Yvonne M. Padilla, one of Rio’s beloved in-house jewelry artists, was kind enough to chat with me recently for our ongoing Rio Superstars series. Yvonne has done pretty much everything here at Rio. She’s worked in the customer center, on the tech team, as a content producer, and as an instructor for our jewelry making classes. And she can make just about anything you can dream up. Literally. We are constantly throwing half-formed project ideas at her, and she always comes back a week later with something beautiful in tow.
Heather Apodaca: What are doing at Rio now, and how did you get started here?
Yvonne M. Padilla: My current position is Content Developer. I help develop and make available all of the content we have on our website. This includes videos, how-tos, instruction sheets, charts, just about everything that is additional information on products or jewelry processes. Previously I was in our Technical Support department for nine years. When I started here in 1996, I was in our customer center and then moved over to our Liaison team. Somewhere along the way I started teaching jewelry-making classes.
HA: How did you get your start in the jewelry industry?
YMP: Luck, kismet, serendipity. Jewelry was always something I was interested in, but I never seriously considered it as a career. In high school I messed around with making earrings and sewing beads onto fabric (all with items from the craft stores —back then I had no idea that Rio existed). Years later, I had a friend working at Rio who recommended that I apply. The majority of my jewelry knowledge has come from on the job training here at Rio. The company is very generous in teaching anyone who has the desire to learn.
HA: What’s your favorite thing about working at Rio?
YMP: Hands down, it’s the people. I have made lifelong friends because of this place. And Rio introduced me to my hubby!
HA: Everyone has some kind of creative outlet; other than making jewelry, what do you enjoy doing?
YMP: Anything and everything crafty/DIY. I’ve always had the attitude of “I can make that.” So if something intrigues me, I see if I can make it. My crafty defaults are sewing, embroidery, crochet, and sketching. I’m in the beginning phases of researching masks and theatrical makeup, so I’m sure that will take up the long winter hours this year.
HA: What’s your favorite thing about making jewelry?
YMP: Watching the process go from idea to the act of creating to the final piece. I also love making mistakes. Well, I don’t love mistakes, but I love what I learn from them. Mistakes and frustrations lead to analyzing the process, which helps me think in different directions. These different directions will lead me to better ways of doing things. And a lot of the time they lead to entirely new designs and projects.
HA: Do you have an all-time favorite piece you’ve made? Can we see it?
YMP: I imagine that this is like trying to choose your favorite child. Every piece is my favorite. Really, I’m not trying to avoid the question; I just truly love everything I make. I suppose my current favorite is my Applique Earrings, a project that was published earlier this year in Art Jewelry magazine. I have to make a conscious effort not to wear them every day. They’re big, colorful and have fun movement when they’re being worn. But ask me tomorrow, and I’ll probably choose something else.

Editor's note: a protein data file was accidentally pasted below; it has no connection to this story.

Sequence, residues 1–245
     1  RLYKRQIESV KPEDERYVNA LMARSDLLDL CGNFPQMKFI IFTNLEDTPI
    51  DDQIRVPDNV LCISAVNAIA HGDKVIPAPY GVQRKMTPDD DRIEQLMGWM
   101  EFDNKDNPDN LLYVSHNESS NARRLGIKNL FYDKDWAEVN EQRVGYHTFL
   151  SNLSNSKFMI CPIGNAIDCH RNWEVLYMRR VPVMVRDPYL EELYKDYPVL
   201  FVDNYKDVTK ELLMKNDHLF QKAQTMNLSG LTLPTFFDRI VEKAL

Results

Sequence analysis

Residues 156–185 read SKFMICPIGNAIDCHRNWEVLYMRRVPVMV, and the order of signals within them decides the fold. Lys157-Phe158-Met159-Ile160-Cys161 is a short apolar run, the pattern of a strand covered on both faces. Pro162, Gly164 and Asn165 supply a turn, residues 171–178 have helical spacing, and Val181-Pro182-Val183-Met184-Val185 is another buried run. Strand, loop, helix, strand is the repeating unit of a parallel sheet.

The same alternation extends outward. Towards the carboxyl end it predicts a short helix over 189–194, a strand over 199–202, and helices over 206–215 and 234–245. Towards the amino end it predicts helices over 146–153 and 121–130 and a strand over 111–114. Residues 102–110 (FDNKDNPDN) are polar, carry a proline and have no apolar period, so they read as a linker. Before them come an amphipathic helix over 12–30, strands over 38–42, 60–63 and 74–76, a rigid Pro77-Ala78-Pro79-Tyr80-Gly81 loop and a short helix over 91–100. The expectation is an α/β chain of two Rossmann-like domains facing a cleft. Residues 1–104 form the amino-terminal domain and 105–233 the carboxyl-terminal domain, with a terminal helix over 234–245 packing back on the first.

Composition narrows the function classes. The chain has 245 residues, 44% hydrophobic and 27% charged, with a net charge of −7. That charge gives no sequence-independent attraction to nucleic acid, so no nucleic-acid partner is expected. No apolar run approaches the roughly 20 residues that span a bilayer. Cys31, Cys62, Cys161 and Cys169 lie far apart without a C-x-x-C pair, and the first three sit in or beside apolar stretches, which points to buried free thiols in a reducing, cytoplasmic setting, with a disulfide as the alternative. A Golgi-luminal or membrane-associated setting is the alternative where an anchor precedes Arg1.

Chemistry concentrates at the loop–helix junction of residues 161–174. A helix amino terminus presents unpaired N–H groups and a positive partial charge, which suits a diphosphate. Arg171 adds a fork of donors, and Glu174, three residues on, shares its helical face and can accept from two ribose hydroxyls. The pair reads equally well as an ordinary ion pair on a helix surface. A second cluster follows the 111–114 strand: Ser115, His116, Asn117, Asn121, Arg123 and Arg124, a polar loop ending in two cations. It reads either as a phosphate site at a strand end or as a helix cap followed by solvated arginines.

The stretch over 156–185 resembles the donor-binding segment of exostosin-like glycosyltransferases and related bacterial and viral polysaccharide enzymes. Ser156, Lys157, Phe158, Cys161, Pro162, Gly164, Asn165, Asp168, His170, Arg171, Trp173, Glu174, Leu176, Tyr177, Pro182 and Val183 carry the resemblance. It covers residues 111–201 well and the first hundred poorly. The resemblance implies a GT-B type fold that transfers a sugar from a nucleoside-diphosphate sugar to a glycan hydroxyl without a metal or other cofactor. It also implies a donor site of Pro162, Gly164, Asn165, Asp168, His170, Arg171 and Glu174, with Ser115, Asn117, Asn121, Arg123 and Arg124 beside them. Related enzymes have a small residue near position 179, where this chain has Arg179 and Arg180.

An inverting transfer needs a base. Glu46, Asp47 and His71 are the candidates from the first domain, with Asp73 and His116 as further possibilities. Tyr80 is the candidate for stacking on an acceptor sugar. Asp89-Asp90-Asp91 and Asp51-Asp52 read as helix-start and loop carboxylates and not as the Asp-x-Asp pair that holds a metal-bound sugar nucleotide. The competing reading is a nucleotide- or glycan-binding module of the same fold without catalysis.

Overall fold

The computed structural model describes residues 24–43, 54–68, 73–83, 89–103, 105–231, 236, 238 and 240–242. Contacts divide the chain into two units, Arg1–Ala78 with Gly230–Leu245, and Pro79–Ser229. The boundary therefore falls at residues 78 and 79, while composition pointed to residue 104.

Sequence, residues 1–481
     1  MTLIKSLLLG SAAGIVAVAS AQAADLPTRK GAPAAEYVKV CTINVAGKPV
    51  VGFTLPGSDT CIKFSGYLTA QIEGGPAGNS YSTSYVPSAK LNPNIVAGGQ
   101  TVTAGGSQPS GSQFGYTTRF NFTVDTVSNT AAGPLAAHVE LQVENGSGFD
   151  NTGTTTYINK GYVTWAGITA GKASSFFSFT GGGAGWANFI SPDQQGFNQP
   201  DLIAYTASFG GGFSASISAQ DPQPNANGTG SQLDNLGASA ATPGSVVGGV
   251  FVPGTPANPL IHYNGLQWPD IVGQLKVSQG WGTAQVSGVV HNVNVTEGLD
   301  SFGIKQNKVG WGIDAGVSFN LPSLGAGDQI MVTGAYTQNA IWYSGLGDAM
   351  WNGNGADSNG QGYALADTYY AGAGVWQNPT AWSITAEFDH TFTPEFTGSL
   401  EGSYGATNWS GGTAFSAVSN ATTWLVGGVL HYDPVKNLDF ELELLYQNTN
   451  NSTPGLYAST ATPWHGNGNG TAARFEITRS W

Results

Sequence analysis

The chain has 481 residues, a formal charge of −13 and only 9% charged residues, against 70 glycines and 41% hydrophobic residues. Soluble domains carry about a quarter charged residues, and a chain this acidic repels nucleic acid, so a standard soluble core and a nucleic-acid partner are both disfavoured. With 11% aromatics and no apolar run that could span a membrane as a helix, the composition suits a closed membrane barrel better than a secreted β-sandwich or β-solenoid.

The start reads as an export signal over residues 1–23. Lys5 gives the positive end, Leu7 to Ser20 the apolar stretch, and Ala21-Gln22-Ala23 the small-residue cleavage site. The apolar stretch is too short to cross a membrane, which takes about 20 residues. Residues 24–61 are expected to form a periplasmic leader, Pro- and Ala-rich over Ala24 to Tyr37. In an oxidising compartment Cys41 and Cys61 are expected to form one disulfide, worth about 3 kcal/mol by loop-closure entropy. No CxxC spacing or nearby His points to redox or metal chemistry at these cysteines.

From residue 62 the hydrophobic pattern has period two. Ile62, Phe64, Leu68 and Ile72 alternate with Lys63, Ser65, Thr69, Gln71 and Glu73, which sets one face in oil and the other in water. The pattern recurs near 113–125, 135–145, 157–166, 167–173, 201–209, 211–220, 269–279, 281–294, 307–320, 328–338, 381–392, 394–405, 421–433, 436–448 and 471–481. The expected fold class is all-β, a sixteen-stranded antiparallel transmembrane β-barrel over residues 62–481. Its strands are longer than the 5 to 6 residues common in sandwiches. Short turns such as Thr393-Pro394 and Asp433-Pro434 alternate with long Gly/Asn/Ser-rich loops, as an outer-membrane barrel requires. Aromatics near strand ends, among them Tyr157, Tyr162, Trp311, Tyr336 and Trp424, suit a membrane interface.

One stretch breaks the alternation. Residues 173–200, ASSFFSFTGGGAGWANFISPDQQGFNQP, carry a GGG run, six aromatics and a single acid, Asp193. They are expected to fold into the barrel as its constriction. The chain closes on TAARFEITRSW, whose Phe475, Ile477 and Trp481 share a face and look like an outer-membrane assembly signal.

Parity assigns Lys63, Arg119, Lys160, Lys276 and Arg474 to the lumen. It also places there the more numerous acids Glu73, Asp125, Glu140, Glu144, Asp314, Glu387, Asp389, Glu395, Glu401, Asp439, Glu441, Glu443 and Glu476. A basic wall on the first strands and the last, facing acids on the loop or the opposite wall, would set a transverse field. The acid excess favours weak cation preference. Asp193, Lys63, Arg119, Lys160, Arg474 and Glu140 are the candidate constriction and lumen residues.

HA: What has been occupying your bench lately? Any fun projects?
YMP: I’m in the process of rearranging and reorganizing my studio at home, so it’s not totally functional. I recently bought an oxygen generator for my torch, so once everything has a home, I’m getting back to the bench so I can start playing with fire. Earlier this year I had the opportunity to sit with Ronda Coryell to learn all about fusing Argentium®. I have several ideas bouncing around my head that I’d like to start soon.
HA: Your book, Bronze Metal Clay, is an in-house favorite. What inspired you to write it, and do you have any advice for people who are just starting out working with metal clay?
YMP: I’ve always wanted to write a book, I just never figured it would be a jewelry project book. I was one of the first beta testers for BRONZclay™, so I had several months of hands-on experience with the clay. This clay introduced a whole new way of thinking of how to work with and fire metal clay, so I knew that there would be lots of questions coming from the metal clay community when it was officially introduced. Plenty of mistakes were made (yay!) when I originally started working with it. I wanted to pass along my mistakes (and fixes) to the metal clay community. It was a long, hard process, and I’m thankful for every minute of the experience.
My advice to anyone starting in metal clay (or any other medium) is to have fun. There’s no need to stress if something doesn’t come out quite as you envisioned it. When I teach any beginner classes I like to remind the class that we’re not trying to paint the Mona Lisa, we’re trying to perfect the smiley face. I find this helps students relax and not be so hard on themselves. Play like you’re a kid again.
Have another question for Yvonne? I’m sure she’d love to chat with you, just leave a comment below!